Veterans’ Day

The World War II adventures of two South Philly vets are being told in the Spielberg/Hanks miniseries Band of Brothers. But don’t call them heroes: “The guys that never came home are the heroes.”

As Bill Guarnere and Edward “Babe” Heffron walk onto the set in Hatfield, England, where Tom Hanks is directing the miniseries Band of Brothers, production comes to a sudden halt. Hanks, who’d been conducting rehearsals in an authentically reconstructed Dutch village, rushes to greet them. Then, one by one, cameramen, set and costume designers, production crew and finally actors emerge from their posts, until there are easily a hundred people surrounding the two men.

The actors clamor to introduce themselves by their character names, as they are required to do on the set: “I’m Popeye Wynn!” “I’m Ralph Spina!” “I’m Chuck Grant!” They are naming Heffron and Guarnere’s war buddies. For nearly a year, the production team has been methodically recreating the role the pair played in the Second World War — using books, photos, videotaped interviews and consultants. Now here they are, in the flesh.

“I’m Skip Muck!”




"I was there when you got it, kid," Heffron says. To another actor, he notes, "You've got a short career.

“You're not going to make it."

A tall, fair-haired fellow offers his name, then adds, "I wasn't very well-liked in the platoon, was I?"

"No, you're weren't," Heffron replies.

"I'm Babe Heffron," a young, handsome redhead announces, squelching his Scottish roots to nail the old South Philly accent. It's a heady moment. Actor Robin Laing shakes the real Babe Heffron's hand, then unbuttons his shirt to reveal rosary beads and a scapular medal. Heffron, who never removed his beads and scapular in battle, is moved. The exchanges continue back at the veterans' hotel, where they invite the actors to join them to eat and drink for the week of their visit.

While in England, Heffron and Guarnere were given an open tab and 24-hour limo service by HBO. "They held court every night," recalls Frank John Hughes, the actor who plays Bill Guarnere. "Everyone in the place would stop what they were doing, and it would become An Evening with Bill and Babe. It would be two a.m. and I had to be on the set by five, but I got no sympathy. Bill would say, 'How da hell you gonna play me going home this oily? You're gonna screw it up!'

Heffron and Guarnere, both 78, are quintessential war heroes, though they adamantly refuse the title. "The guys that never came home are the heroes," says Guarnere, who lost his right leg to shrapnel from a German 88 in the Battle of the Bulge but is still a tornado on crutches. Both he and Heffron, 18 days his junior, were members of Easy Company, an elite unit of paratroopers from the 101st Airborne Division of the U.S. Army, whipped in record time from citizen army to cream of the military crop. "Easy" was arguably the bravest, toughest, most physically fit, closest-knit group of soldiers the Army has ever produced. Its men were plucked for every high-risk operation of the war: D-Day in Normandy, Operation Market Garden in Holland, the Battle of the Bulge and the Rhineland Campaign in Belgium, and the capture of Hitler's Eagles Nest in Berchtesgaden. Easy helped liberate towns in France, Holland and Belgium as well as the Landsberg concentration camp in Germany, regularly incapacitating German troops who outnumbered them.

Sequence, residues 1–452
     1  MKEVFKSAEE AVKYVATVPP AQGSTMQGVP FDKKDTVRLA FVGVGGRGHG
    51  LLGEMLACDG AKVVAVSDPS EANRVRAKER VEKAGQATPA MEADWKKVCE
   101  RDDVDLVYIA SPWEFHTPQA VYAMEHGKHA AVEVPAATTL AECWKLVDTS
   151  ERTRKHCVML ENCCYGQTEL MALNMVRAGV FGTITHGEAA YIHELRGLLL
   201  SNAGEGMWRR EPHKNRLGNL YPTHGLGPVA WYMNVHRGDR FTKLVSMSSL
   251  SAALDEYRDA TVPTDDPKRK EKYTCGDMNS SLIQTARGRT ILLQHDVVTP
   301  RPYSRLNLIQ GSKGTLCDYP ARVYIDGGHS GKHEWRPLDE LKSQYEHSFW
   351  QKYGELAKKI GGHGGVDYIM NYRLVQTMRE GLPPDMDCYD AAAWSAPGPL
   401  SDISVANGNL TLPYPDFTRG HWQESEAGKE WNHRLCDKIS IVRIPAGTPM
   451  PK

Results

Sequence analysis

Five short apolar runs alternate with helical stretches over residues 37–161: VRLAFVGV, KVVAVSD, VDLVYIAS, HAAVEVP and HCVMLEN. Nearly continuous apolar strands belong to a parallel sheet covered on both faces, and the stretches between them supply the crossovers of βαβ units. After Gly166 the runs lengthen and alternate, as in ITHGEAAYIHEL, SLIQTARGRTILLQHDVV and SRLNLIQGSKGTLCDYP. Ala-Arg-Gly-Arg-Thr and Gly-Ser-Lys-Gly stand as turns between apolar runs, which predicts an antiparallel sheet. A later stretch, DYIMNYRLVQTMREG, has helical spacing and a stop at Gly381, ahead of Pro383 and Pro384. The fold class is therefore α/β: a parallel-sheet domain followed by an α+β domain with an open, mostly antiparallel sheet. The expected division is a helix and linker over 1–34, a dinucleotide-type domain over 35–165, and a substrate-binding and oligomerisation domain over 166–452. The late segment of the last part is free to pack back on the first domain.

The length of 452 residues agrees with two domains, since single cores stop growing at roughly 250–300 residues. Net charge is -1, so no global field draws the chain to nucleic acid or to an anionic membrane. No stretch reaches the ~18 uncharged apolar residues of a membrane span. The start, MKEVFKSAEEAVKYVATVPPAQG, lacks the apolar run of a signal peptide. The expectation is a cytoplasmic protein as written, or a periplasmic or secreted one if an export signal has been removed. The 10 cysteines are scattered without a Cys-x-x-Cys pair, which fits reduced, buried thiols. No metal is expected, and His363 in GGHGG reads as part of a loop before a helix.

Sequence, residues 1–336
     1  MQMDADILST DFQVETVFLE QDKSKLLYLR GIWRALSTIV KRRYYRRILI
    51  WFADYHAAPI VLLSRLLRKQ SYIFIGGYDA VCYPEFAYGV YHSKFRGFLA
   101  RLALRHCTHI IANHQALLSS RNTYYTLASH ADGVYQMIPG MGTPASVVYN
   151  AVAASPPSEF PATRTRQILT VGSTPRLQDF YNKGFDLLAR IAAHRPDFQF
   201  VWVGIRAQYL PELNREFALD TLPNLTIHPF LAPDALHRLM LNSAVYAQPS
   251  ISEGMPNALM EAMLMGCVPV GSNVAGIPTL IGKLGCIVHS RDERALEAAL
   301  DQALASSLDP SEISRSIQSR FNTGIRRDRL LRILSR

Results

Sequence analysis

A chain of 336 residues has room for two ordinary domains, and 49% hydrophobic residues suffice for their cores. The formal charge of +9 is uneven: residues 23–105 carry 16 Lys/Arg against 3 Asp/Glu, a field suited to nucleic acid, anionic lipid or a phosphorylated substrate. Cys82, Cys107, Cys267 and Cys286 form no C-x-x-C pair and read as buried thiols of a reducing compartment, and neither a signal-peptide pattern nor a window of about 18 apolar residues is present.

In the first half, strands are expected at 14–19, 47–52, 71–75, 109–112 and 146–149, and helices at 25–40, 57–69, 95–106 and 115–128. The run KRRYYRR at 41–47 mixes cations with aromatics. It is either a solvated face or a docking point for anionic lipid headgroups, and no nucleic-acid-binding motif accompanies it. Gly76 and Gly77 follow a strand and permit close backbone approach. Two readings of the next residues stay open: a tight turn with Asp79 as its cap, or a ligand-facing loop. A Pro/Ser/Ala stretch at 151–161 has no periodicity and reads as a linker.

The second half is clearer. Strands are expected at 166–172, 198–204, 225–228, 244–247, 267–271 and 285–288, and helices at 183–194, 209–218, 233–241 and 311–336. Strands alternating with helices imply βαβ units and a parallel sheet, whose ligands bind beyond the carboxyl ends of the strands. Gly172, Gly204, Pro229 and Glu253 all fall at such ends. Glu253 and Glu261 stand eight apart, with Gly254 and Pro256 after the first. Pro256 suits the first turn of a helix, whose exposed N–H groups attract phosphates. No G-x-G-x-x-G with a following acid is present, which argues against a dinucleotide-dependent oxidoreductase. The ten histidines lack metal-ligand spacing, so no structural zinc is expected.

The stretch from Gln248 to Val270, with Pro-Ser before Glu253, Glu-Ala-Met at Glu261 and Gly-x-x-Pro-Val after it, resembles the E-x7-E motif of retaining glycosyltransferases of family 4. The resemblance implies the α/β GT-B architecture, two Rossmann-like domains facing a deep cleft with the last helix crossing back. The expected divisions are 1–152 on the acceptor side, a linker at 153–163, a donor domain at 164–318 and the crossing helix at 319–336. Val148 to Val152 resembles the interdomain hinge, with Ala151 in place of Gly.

It's Easy Company's adventures that Band of Brothers chronicles, unfurling the story through 24 major characters, including Heffron and Guarnere. The HBO miniseries "event," starring David Schwimmer, Donnie Wahlberg and SNL's Jimmy Fallon, among others, premieres in September. (An early premiere is being shown to war vets this month in Normandy, to commemorate D-Day.) Spielberg and company went to prodigious lengths to ensure the movie's accuracy, basing it largely on historian Stephen Ambrose's 1992 book Band of Brothers, plus hundreds of hours of filmed interviews with the remaining 50 or so members of Easy Company. The "guys from South Philly," as Hanks came to call them, were wellsprings of information. "We asked them hundreds of questions," says Guarnere's alter ego, Hughes. "Some veterans tell you when you're getting into territory they're not comfortable with. For these guys, no question was too small, too emotional, or off-limits."

"Hey, if they can capture what we were," says Guarnere, sounding like a perfect hybrid of James Cagney and Curly Howard, "they're going to have a goddamn good movie."

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